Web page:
Nevada City, CA, March 7, 2018 – Irene Masteller, Stephen Halpert and Richard Lau as Plaintiffs filed a lawsuit yesterday, March 6, 2018 against the County of Nevada and the County Sanitation District. They are seeking damages from the County and District for being forced out of their homes by the February 2017 landslide on County-owned property which spread uphill to their properties and damaged their homes. The Plaintiffs are also seeking to have the Court order the agencies to stabilize the slopes so as to prevent further damage to their homes and 33 other Cascade Shores homes that are threatened.

The suit alleges that the County was aware of the potential landslide danger on their property but did not warn nearby residents nor take any action to reduce the danger. The County already is dealing with a similar landslide that occurred in 2005. That landslide seriously damaged the County’s Cascade Shore waste treatment plant and resulted in major fines from the State that are ongoing. The County purchased this additional land, which is only a few hundred yards from the site of the 2005 landslide to build a new community leach field system. The system is intended to replace the failing wastewater treatment plant. Plaintiffs believe that the County downplayed the landslide risk on this new property in order to muffle any concern that could prevent the County from getting funding from the State for the project.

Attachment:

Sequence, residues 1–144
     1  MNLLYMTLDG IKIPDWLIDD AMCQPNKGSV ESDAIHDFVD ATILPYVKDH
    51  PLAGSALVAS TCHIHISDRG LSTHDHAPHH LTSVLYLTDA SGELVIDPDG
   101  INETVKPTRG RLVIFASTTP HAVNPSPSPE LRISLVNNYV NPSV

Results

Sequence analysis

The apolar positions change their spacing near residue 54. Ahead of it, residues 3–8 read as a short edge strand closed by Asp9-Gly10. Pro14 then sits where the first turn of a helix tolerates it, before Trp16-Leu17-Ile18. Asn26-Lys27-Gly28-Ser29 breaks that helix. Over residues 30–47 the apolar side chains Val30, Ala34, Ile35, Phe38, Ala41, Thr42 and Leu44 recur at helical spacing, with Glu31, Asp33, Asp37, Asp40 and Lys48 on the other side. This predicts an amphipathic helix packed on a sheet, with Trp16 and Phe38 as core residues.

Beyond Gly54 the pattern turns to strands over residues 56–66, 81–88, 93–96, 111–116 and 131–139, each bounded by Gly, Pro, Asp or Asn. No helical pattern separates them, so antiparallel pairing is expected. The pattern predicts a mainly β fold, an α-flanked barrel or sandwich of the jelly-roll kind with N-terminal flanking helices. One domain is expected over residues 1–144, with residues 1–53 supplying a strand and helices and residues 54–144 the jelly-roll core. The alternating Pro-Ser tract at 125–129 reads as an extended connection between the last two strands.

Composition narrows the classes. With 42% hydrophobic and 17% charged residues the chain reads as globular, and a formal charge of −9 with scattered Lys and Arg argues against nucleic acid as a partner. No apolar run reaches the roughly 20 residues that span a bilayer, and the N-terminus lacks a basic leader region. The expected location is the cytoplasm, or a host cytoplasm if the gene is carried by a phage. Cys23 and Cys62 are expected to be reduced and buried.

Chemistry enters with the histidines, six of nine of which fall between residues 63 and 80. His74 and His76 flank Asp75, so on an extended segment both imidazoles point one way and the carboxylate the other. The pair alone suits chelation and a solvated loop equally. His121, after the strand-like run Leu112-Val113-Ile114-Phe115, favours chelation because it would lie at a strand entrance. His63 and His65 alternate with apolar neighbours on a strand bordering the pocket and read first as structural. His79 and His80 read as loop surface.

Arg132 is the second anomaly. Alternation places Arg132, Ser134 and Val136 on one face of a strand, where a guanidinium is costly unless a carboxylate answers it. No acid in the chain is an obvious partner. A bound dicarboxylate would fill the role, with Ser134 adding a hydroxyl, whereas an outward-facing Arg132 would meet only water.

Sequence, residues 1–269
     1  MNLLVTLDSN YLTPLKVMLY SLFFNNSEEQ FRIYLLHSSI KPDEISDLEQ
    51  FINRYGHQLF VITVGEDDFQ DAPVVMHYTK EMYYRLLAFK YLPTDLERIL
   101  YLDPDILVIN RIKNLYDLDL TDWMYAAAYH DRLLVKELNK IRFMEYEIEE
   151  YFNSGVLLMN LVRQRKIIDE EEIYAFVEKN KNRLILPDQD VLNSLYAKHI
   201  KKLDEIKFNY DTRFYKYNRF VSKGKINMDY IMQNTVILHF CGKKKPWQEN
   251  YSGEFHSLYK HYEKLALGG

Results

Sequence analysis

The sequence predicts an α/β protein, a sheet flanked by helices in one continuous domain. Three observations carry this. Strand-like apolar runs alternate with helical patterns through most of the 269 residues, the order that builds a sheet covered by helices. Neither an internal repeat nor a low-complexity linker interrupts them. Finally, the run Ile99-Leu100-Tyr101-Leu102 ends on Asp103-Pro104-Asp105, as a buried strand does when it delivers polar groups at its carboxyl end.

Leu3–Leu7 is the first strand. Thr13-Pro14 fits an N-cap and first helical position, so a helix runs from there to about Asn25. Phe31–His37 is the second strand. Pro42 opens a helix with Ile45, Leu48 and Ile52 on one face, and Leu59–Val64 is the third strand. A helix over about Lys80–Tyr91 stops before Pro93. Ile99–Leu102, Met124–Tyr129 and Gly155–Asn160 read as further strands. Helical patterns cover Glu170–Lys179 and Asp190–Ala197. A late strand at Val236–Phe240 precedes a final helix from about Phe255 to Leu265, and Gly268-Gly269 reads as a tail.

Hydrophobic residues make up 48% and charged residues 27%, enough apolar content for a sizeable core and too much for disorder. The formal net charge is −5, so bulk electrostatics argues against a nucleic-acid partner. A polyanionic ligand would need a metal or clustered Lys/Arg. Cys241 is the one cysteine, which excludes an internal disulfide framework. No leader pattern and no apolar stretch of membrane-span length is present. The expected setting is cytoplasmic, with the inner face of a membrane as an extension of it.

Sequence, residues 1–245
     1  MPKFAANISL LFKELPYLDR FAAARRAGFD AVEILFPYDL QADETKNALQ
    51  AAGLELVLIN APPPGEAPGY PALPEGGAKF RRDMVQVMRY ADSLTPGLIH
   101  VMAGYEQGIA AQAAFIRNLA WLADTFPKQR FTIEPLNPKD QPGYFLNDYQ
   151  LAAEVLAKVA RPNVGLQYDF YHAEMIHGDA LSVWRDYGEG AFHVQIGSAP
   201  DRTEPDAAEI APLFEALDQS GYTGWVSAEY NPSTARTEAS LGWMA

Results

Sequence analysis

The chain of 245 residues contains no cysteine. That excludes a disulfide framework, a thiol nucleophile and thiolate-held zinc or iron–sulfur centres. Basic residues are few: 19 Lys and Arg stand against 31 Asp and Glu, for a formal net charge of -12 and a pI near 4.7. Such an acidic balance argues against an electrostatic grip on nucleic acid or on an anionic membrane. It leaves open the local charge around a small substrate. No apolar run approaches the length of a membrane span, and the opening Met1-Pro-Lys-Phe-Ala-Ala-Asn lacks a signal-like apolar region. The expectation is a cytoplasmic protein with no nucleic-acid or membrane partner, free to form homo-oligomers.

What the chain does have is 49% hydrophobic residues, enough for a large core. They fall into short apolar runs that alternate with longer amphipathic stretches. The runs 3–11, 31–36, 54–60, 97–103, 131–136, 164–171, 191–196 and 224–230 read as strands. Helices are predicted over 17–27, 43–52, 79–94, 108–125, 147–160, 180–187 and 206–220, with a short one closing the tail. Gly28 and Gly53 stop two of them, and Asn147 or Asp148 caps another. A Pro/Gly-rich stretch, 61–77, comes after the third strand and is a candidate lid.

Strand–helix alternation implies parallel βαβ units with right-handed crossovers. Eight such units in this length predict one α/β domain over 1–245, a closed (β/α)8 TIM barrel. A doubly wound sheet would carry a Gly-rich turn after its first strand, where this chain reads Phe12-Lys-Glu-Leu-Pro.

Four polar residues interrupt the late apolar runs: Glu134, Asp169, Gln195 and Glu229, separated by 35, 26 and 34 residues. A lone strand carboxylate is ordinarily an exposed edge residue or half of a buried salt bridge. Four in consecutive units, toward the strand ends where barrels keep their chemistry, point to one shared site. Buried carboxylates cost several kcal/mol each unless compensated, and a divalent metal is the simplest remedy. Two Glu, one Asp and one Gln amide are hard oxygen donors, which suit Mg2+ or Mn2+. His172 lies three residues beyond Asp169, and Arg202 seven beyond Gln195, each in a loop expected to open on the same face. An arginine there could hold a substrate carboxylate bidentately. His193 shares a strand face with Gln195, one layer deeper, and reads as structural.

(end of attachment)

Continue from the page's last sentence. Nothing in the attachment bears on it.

On February 18, 2017, the landslide struck. It originated on the County property and spread up into the adjoining Cascade Shores subdivision. The County ordered immediate evacuation of 10 homes in Cascades Shores on Mountain View Drive and Pasquale Road. The County has not taken any responsibility for the landslide and is requiring all affected property owners to repair their damage (none of which is covered by any insurance) and obtain expensive geotechnical reports. One year later Irene Masteller and her neighbors, Michael and Edna Saigh are still unable to return to their homes. The Lau/Halperts have only been allowed back in on a provisional basis after making required repairs. They still have the burden of proving to the County that their parcel is safe.